On April 17, 2023, the Vietnamese Government issued Decree No. 13/2023/ND-CP on personal data protection (“Decree 13“), the first legal instrument in Vietnam that provides a comprehensive framework for the protection of personal data. In addition to drawing on certain aspects of the General Data Protection Regulation (“GDPR”) of the European Union, Decree 13 also introduces several new requirements for organizations and individuals involved in personal data processing activities in Vietnam. Below is a summary of the notable provisions of Decree 13:

  1. Scope of application: Decree 13 applies to Vietnamese individuals and organizations (including those operating offshore) and also to foreign entities operating in Vietnam, or directly engaging in or relating to personal data processing activities in Vietnam (Article 1.2).
  2. Key definitions: Like the Draft Decree on personal data protection (“Draft PDPD“), released in 2021 for public comments, Decree 13 includes broad definitions of key terms. In particular:
    • Personal data” means information in the form of symbols, scripts, numbers, images, sounds or any other similar form in the electronic environment, which pertains to a particular individual or facilitates the identification of a particular individual. Personal data includes “basic personal data” and “sensitive personal data” (Article 2.1).
    • Basic personal data” includes the name, date of birth, gender, place of birth, address, nationality, personal image, phone number, ID number, passport number, driver’s license number, license plate number, personal tax number, social insurance number, health insurance card number, marital status, family relationship information, data about digital accounts, data reflecting activities and history of activities in cyberspace and other data which does not qualify as “sensitive personal data” (Article 2.3).
    • Sensitive personal data” refers to personal data associated with an individual’s privacy that, when infringed, directly affects their rights and interests. The list of sensitive personal data is broad and non-exhaustive, including: (i) political and religious views; (ii) information on health condition and personal life recorded in medical documents (excluding information about blood type); (iii) information relating to racial or ethnic origin; (iv) genetic data, i.e. information relating to inherited or acquired genetic characteristics of an individual; (v) biometric data, i.e. information about physical and biological characteristics of an individual; (vi) information on sexual life and sexual orientation of an individual; (vii)  criminal records collected and stored by law enforcement agencies; (viii) client data of credit institutions, branches of foreign banks, intermediary payment service provider, or other licensed organizations; (ix) personal location data identified via location service; and (x) other personal data that the law regards as specific and requiring security measures (Article 2.4).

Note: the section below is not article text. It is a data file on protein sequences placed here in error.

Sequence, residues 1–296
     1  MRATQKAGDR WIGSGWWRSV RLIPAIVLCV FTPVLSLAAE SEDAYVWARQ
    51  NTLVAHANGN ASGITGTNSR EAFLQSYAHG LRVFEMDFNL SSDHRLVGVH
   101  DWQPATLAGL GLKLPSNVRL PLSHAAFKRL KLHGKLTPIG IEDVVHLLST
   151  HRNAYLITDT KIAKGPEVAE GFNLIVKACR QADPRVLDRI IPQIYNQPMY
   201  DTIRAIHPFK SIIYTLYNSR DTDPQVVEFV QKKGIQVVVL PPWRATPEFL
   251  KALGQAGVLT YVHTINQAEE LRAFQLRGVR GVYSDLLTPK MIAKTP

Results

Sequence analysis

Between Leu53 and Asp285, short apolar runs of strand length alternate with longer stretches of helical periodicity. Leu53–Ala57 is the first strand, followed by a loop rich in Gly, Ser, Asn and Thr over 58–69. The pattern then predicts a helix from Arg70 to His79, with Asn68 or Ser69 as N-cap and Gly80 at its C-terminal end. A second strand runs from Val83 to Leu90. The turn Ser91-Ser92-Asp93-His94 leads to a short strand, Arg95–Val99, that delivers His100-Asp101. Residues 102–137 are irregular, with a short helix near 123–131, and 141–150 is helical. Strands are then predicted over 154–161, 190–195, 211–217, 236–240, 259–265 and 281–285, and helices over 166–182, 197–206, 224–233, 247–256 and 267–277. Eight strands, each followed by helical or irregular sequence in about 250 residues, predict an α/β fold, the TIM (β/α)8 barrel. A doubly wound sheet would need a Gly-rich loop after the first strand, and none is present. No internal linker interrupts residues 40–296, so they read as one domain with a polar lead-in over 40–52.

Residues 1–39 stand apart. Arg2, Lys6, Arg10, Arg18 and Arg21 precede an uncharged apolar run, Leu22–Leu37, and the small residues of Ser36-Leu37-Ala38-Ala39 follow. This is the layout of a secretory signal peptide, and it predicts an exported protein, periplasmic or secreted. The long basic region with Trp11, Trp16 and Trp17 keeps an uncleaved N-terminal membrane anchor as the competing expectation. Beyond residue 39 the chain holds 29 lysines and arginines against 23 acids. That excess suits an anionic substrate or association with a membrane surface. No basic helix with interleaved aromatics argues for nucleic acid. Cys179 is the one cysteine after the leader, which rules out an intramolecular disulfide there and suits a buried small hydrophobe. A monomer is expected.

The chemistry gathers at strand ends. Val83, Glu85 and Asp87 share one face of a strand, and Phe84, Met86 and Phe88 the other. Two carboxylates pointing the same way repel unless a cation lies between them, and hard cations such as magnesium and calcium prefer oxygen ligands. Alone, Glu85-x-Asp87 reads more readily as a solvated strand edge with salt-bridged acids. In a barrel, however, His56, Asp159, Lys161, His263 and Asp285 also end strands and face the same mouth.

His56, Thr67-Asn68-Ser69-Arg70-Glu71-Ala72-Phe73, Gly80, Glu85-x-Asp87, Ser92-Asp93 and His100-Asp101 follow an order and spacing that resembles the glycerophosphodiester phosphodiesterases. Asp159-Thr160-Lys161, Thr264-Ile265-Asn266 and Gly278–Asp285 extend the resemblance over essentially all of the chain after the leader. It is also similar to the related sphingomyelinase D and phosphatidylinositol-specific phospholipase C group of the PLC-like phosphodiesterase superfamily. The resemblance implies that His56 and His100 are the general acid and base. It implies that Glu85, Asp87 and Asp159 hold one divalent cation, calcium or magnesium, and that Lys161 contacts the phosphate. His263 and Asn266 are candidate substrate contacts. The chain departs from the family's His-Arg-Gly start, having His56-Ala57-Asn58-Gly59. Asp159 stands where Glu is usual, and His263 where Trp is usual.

• Data processing” means one or more activities that affect personal data, such as collecting, recording, analyzing, storing, modifying, publishing, encrypting, copying, sharing, transferring, or other related actions (Article 2.7).
  3. Principles for protecting personal data: (i) lawfulness, (ii) transparency, (iii) purpose limitation, (iv) data minimization, (v) accuracy, (vi) integrity, confidentiality, and security, (vii) storage limitation, and (viii) accountability. Decree 13 explicitly prohibits the sale and purchase of personal data in any form, unless otherwise provided by law (Article 3).
  4. Regulated subjects: Taking a similar approach to the GDPR, Decree 13 mainly regulates three (3) subjects: the “data controller” (“bên kiểm soát dữ liệu cá nhân” in Vietnamese), the “data processor” (“bên xử lý dữ liệu cá nhân” in Vietnamese), and the “data controlling and the processing entity” (“bên kiểm soát và xử lý dữ liệu cá nhân” in Vietnamese), which has the functions of both the data controller and the data processor (Articles 2.9, 2.10 and 2.11)
  5. Data subject rights: (i) right to know, (ii) right to consent, (iii) right to access, (iv) right to withdraw consent, (v) right to delete data, (vi) right to restrict data processing, (vii) right to request the provision of data, (viii) right to object to data processing (ix) right to complain, denounce and initiate lawsuits (x) right to claim compensation for damage, and (xi) right to self-defense (Article 9).
  6. Consent of data subjects: (Articles 11 and 12)
    • Consent is required for all stages of data processing, unless otherwise provided by law. If data is processed for different purposes, the data controller and the data controlling and processing entity must indicate each purpose and the data subject must be able to consent to the purposes individually.
    • Consent is valid only if the data subject provides consent voluntarily and is clearly informed of (i) the type of data being processed, (ii) the purpose(s) of the processing, (iii) the person or organization processing the data, and (iv) the data subject’s rights and obligations.
    • Consent must be clearly and specifically expressed by (i) written instrument, (ii) voice, (iii) selecting a consent box, (iv) texting consent syntax, (v) selecting consent technical settings, or (vi) other actions indicating consent. The data subject’s silence or non-response is not considered consent. The data subject may give partial or conditional consent. Provision or withdrawal of consent must be expressed in a format that can be printed, or reproduced in writing, including in electronic or verifiable formats.
    • The consent is valid until the data subject, or a competent State agency decides otherwise. Withdrawing consent does not affect the legality of data processing before the consent was withdrawn.